Struggling to get your jeans done up? We’ve all been there. Surveys show that the body part people are most commonly unhappy about when they want to lose weight is their stomach. It can be frustrating doing sit ups and crunches day and night and still being unable to shift that stomach flab. But research shows that what you eat is just as important for a flat stomach as how much you work out. So don’t throw away your favourite low-rise jeans just yet. Here are some of the best changes you can make to your diet plan to get the flat belly you want…
Eat more fibre
A lack of fibre is a major cause of tummy flab. It is suggested that you should be eating at least 25 grams of fibre every day. You can find fibre in fruits, vegetables and wholegrains. There are several reasons why eating foods high in fibre can help support your weight loss efforts. Firstly, it makes you feel more full. High-fibre foods like fruits and vegetables add bulk and volume to your meals without adding on lots of calories, so you end up eating less and feeling more satisfied. The other benefit is the high-fibre foods tend to require more chewing, and therefore take longer to eat. Slowing down your eating means you will feel fuller on less and get the most out of the calories you are consuming.
Eat healthy carbs
It’s true that you should try to reduce carbs when trying to lose weight, but adopting an ‘all carbs are the enemy’ mindset isn’t the way to go. To get a flatter stomach, your daily carb intake should be 45 to 65 percent of your total calorie plan. Eating too few carbs can cause water retention, bloating and temporary weight gain that will show in your stomach. Too many carbs can cause you to store excess water, which again leads to bloating and temporary weight gain. So balance is the key here. Avoid ‘empty calorie’ foods like lollies, sweet biscuits and fast foods. Try to get most of your carbs from fruits and vegetables, which are least likely to cause bloating, because of their high water content, and give you plenty of other nutrients as well.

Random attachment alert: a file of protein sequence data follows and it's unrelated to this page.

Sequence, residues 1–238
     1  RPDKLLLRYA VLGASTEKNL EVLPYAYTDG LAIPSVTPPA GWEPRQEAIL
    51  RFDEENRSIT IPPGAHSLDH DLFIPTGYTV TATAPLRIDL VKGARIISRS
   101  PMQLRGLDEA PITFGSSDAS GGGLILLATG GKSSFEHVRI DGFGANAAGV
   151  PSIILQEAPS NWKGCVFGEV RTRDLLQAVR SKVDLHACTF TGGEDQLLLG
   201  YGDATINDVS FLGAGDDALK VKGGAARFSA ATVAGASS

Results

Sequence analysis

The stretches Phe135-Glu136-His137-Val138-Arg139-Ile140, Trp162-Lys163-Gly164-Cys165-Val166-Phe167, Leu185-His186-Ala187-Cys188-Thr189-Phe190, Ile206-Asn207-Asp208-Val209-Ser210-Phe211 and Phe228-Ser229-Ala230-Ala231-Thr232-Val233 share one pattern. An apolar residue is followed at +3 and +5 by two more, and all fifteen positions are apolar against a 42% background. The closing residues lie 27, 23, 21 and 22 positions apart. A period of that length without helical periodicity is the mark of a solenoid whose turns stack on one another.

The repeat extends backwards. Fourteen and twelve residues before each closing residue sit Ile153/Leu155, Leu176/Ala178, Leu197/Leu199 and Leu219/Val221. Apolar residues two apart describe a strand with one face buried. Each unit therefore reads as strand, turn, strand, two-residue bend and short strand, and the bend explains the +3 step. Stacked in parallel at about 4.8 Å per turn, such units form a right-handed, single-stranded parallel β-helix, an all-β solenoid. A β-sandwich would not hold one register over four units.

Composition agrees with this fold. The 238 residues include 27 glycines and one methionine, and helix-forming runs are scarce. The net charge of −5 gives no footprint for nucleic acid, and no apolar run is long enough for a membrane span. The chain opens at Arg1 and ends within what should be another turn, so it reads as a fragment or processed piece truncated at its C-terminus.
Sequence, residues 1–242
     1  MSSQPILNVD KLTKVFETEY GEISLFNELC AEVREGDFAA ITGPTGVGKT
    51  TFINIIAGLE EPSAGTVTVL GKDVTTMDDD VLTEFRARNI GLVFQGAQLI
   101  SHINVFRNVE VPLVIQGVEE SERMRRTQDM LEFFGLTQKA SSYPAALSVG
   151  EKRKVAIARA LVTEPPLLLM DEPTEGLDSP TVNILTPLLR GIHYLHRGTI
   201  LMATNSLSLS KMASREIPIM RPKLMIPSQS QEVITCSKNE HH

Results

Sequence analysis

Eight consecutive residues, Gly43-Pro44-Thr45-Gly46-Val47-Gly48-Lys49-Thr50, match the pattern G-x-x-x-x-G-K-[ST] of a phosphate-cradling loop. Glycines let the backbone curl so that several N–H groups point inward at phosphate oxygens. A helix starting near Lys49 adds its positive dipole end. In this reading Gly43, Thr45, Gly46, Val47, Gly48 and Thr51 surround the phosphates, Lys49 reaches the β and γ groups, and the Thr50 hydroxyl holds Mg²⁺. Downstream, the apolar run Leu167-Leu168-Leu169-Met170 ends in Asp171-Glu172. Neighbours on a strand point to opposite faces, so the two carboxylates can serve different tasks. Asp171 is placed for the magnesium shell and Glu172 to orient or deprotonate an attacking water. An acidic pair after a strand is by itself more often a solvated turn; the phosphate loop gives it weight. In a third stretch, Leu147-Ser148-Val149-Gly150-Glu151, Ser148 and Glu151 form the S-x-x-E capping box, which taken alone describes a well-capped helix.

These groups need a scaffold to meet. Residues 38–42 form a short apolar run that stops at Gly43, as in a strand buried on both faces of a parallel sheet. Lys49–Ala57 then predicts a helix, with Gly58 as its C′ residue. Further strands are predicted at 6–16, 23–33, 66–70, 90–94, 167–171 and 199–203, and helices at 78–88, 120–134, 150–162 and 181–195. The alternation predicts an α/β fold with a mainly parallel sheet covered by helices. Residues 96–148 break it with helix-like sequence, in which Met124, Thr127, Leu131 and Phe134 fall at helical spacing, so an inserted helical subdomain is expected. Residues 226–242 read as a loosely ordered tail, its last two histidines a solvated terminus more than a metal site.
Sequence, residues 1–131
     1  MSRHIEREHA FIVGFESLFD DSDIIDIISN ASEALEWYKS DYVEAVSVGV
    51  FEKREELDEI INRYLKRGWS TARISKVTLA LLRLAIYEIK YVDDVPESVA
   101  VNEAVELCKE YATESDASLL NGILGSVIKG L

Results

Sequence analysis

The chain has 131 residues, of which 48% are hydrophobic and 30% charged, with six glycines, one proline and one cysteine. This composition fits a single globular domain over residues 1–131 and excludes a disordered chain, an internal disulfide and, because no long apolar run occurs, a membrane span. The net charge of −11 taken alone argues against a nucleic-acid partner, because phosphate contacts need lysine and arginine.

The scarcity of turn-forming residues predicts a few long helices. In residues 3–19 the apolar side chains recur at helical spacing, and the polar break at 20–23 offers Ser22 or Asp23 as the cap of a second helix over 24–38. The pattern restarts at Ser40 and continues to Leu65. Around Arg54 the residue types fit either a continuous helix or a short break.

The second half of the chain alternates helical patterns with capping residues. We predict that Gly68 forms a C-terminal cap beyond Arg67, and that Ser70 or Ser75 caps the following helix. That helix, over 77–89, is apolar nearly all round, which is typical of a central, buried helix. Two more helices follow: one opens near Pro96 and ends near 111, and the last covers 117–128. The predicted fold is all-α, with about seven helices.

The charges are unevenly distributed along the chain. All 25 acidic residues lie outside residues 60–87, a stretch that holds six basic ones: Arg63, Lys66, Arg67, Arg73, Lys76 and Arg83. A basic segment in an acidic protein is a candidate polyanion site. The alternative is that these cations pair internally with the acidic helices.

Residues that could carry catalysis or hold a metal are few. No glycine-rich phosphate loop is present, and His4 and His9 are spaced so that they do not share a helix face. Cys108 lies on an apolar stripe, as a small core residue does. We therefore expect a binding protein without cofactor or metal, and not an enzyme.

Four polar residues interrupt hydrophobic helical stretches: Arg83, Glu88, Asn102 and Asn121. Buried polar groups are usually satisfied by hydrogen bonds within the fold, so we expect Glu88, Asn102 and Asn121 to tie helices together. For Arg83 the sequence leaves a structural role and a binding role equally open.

Drink plenty of water
You might think drinking lots of water will make you bloat, but in fact it helps you to flush sodium out of the body, in effect reducing bloating. Try to aim for at least 8 glasses of water each day. Replace soft drinks and other sugary beverages with water and you’ll find it easy to get in your daily intake. Keeping well hydrated also means you are less likely to feel hungry, as thirst can often be mistaken for hunger and cause you to crave sugary snacks.
Reduce your salt intake
Sodium is one of the biggest culprits of bloating. Although we need small amounts of sodium to regulate blood pressure, nerve transmissions and other essential bodily functions, too much will cause water retention. Nutritionists say that we only need around 500 milligrams of sodium each day- but most of us will usually consume around six times that amount. While it’s probably unlikely that you’ll be able to cut down to the essential 500 milligrams, it’s recommended that you try not to go over 2,400 milligrams each day. Cut back on processed or fast foods and choose fresh, natural foods wherever possible. Read food labels carefully- packaged soups in particular, while low in calories, are often very high in salt.
Eat less at night
Don’t take it to extremes- the ‘no food after 6 pm’ rule is unfounded and is actually more likely to cause you to crave sugary foods. But trying to reduce the amount of food we eat in the evenings can help to eliminate bloating the next morning. Studies have shown that people who eat their largest meal at night tend to have slower metabolisms than those who eat more food earlier in the day. So if you have a light, healthy dinner and try to avoid snacking late into the night, you will wake up with a flatter belly and a better appetite for a fibre-rich breakfast. A good guideline is to try to eat two-thirds of your daily calories before dinner. You need more calories when you are active, not when your body is slowing down, so start the day with a good breakfast and go from there.
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